What Would Google Do CoverNow, I know I am not even done with the book yet – but I could not resist writing about it. Jeff Jarvis’ new book What Would Google Do? is really awesome, and I must say that I am relatively new to the tech/career/social media book genre. And I am really loving it!

I got this book because one of the women at work read it. She found it so great that she had the office manager order 3 copies of it for the office. All of the books we have here are the environmental ones – so to have one that was about something different was extremely awesome. I had just decided to review more and more books on here, so I stalked the OM until she gave me the first copy out of the box from Amazon.

I must say, I am tempted to hold onto it and not give it back. Jarvis is a long-time blogger, and a tech/media/web guy that really knows his material. His writing is straight forward and concrete, and really made me amazed at how many people were using the internet for cool things – well before everyone else. He explains how he wrote a blog post about the bad customer service he received at Dell (which, yep, I have a Dell Latitude story I could tell myself) – and the blog post found its way all the way to the top of the company’s chain.

Many people responded to Jarvis and his frustration about customer service, and in turn, Dell responded. This is how the book opens – and it definitely had me hooked. So far, (I am only at page 47) Jarvis has focused on the ways in which we have to work with and not against the almighty Google. I didn’t realize until I had begun reading how much volume of web content Google controls. It was truly insane.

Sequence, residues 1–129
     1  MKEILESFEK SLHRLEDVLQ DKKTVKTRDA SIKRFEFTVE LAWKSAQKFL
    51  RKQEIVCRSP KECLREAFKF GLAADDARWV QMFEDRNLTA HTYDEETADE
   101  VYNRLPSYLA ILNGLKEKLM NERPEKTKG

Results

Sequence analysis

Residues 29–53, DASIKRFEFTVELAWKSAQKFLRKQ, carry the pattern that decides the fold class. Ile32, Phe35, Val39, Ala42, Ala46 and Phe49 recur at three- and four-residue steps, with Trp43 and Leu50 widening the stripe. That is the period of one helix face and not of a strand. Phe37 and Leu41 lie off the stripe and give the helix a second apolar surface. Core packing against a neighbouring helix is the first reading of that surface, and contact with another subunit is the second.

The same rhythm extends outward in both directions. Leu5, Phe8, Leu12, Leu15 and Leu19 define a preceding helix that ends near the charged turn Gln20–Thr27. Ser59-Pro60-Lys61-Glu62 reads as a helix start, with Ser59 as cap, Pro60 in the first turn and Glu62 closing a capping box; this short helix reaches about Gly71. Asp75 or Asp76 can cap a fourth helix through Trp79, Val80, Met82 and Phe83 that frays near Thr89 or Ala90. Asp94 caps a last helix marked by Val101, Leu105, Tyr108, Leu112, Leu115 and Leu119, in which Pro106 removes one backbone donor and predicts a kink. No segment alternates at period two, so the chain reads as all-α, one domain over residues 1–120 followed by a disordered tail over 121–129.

The idea of working within this framework may make some uneasy (“I am giving in to the corporate line!”) but I was actually encouraged by his point. Google has done things no other company has, and as a result, we are an innovative and knowledge seeking society.

You’re right – not all of us. We all don’t love the idea of a widespread knowledge base, and we all don’t have equal access to it. I also believe that everything I have ever done and said should not be Google searchable. I will reserve those moments for my husband to make fun of how annoying I am being, or for family members to have to deal with me.

As a nonprofit worker, I am constantly trying to think of the ways in which technology shapes our relationships to other humans. For the family in Southern Mozambique trying to get their dial-up to work, the world of Google is not as transparent. What type of world would it be like if it was?

I am waiting to see if Jarvis addresses these types of issues, and even if he doesn’t, he has certainly opened the door for me to think about them.

Ultimately, we watch to see what Google will do, and follow suit. How can we use Google – and befriend it – to better those in the world without such access?

Looking forward to the next couple of hundred pages.



  1. November 6, 2009 at 7:14 pm

    Thanks so much. I hope you like the rest!

    • bethoc
      November 9, 2009 at 1:31 pm

      Wow! I am so happy that you came across this review. I am really loving the book. Do you ever speak in the DC or NY area? I would love to hear your opinion on many similar issues..


  2. December 4, 2009 at 5:51 pm

    Okay, so speaking of Google and areas of the world where there is a lack of internet:

    Now I’ve got another book on my “to read” list. 🙂

  3. December 5, 2009 at 12:50 am

    Just realized you moved your blog to your own domain! I’m copying/pasting my comments now.

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